For me, then, the newsprinted On Hoarding deposited quietly in the corner is where this exhibit and the (dis)continuities of Browne’s research blossom. Here is where the art lies. It brings together the aesthetic, the cognitive and the critical, re-imagined and real. It allows us get under the skin of what she might be gifting us, the viewer, even if each segment of any new narrative sends our interests back to our physical surroundings in the Project. The accumulation of these fragmented associations bring us from the Weimar Republic to the ‘death marches’ of Madagascar, from the Doomsday Clock to the Foreign Legion, from the aspirations of the Space Race to the whimsy of Rai stones in the Island of Yap. And illogically it all seems totally reasonable. The absurdity of this material does create new associations, lineages, a map for further ludic recollections that illuminate other possible alternative forms of social relation.
This looked lovely, the Project’s twilit white-cube used sparingly, a small number of intriguing objects kept at a distance from one another, inviting the viewer to visit each in turn, to piece together a unity made explicit in no one place. An old 16mm projector, a techno-antiquarian’s delight, back-projected a silent colour film onto a screen hung from the ceiling. The projected film showed a performance of some kind, a ritual procession in which a ticker-tape machine was borne from the town hall of a French town to a museum. The ticker-tape machine itself was in the space – spot-lit and fetishised it periodically stuttered out data on the current exchange rate of the franc and the euro. Nearby were placed a stack of newspaper-like, sixteen page-long reproductions of a visual essay: various intriguing facts and snippets of theory accompanied by historic images. A folded information sheet was available by the door. It too took part in the diffused rebus, as it contained a map of France and its national neighbours, but with the French landmass blanked out, apart from a tiny marker denoting the town of Le Blanc: the site of the filmed performance and the point of departure of the art piece as a whole.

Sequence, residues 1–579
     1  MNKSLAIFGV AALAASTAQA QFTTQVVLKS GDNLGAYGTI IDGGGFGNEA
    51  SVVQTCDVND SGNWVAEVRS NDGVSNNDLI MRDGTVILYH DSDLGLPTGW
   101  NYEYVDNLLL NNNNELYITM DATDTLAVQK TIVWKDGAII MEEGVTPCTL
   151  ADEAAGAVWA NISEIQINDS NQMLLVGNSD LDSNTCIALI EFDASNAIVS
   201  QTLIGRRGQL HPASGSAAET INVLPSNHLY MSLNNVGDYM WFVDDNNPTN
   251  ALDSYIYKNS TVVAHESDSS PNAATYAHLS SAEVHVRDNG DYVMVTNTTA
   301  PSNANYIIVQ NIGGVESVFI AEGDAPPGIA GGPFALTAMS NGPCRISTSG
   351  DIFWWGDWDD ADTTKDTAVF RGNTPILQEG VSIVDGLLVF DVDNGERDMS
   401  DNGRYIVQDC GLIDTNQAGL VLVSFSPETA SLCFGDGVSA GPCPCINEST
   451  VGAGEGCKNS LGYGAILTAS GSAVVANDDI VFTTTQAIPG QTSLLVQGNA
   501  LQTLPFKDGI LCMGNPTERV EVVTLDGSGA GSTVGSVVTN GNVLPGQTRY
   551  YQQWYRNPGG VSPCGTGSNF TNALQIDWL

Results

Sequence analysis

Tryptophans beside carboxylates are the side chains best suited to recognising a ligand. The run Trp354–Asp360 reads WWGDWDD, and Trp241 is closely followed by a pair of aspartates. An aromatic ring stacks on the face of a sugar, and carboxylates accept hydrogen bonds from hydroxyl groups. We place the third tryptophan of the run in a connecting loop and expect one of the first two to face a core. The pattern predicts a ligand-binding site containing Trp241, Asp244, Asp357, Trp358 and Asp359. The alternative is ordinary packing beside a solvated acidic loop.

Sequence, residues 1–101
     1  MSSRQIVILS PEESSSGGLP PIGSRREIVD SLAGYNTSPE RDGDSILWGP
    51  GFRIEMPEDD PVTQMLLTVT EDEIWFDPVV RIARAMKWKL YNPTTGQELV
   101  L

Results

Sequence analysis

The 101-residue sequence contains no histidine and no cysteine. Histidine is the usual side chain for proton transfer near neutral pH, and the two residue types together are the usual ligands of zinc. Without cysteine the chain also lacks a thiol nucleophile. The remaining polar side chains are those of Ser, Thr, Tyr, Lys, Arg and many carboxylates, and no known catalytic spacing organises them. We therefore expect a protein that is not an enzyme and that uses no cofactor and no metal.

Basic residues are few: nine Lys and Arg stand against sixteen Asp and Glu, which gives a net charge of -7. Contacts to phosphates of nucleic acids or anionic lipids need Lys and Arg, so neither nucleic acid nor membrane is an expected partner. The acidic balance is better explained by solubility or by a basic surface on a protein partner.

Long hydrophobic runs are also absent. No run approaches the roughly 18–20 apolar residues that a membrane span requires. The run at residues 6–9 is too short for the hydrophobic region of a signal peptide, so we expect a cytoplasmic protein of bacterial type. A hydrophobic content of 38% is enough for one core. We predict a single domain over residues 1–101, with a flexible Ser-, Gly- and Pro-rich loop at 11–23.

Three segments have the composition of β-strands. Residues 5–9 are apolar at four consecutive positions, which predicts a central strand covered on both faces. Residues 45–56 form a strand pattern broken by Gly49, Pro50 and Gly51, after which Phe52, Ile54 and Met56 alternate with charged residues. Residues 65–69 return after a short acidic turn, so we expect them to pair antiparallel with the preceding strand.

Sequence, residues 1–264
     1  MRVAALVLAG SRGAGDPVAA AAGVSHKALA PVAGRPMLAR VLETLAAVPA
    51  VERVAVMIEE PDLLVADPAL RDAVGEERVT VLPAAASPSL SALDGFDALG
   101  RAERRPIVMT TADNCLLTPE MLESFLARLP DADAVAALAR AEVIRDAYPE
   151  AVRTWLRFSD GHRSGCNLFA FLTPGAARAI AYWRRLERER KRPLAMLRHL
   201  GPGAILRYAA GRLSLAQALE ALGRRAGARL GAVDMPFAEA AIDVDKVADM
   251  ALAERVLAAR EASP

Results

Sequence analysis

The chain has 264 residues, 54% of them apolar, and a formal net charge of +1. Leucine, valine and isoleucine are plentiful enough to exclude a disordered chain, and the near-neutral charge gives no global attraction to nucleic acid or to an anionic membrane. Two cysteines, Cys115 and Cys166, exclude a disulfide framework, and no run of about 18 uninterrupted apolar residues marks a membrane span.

To follow the leads, however, is to end up time and again with the detached fascination of these facts and images, analogous to the fetishised machinery in the gallery space. The peculiar situation in Le Blanc simply lacks the substance to hold the whole array of ideas together, or to envelop them in a unifying energy. What is happening there is, in the final count, a small-scale commercial gimmick. The real anachronism here, however, is overlooked: in what situation do the ‘traders and artisans’, who appear anonymously in the filmed performance, find themselves? If there is an echo of Courbet’s Burial at Ornans in Browne’s title, the plight of the descendents of the rising 19th century bourgeois is never alluded to.
How else might the piece cohere? Might it comprise a Benjaminian constellation of historical moments, not directly linked or held by a central idea, but configuring between them a social illumination of some kind? I don’t think so, the felt tension between the various moments was insufficient; rather, it felt like colourful strands had turned up in the course of unspooling of a process of research. Was it related to the flow of the anecdotal, then, comparable to the stories issuing from the projects of the ubiquitous Seán Lynch, whose material products act as a premise for an informal annalistic obsessiveness, something like the local historian’s drive to proceed, by small, branching connections, from local detail to the world as whole? The elegant intervals between the ideas and images precluded this possibility, the linkages were too light. Finally I came away from the Project with the sense that I had enjoyed a consummate piece of design and presentation, attached to which was a cluster of intriguing facts that failed to deliver on their initial promise of significance. (Not art)
Second Burial at Le Blanc ran from May 5 – 25 June 2011.
Part 4: Douglas Hyde
What is contemporary painting to do? The term ‘painterliness’ is often bandied about, as a way of denoting those things considered unique to the practice, and more often than not to point to effects that foreground the medium: impasto oils drawing attention to their viscuous materiality, for instance. As such the term isolates painting, consigns it to a ghetto, taking from it properties and roles traditionally belonging to it, the properties of the two-dimensional image per se – illusion, perspective, colour, the structure and dynamics of a surface. The photograph, especially, the film-still, mass reproduced images of various kinds and, more recently, digital manipulation, all have usurped the traditional domains of painting. The painter still finds themself with an absorbing and almost magical physical process, not to mention a glorious heritage, but with more and more curtailed claims to legitimacy as practitioner of an independent artform.
The contemporary painters who have overcome this fundamental problem, through a more or less conceptualist engagement with forms of image-making – investigations into the hinge between painting and photography, for instance, or the quality of emptiness of the mass-produced image – tend to spawn a myriad of imitators. A style is offered within which a painter can unreflectingly pursue their practice, assured that elsewhere conceptual groundings and problems of legitimacy are being worked out.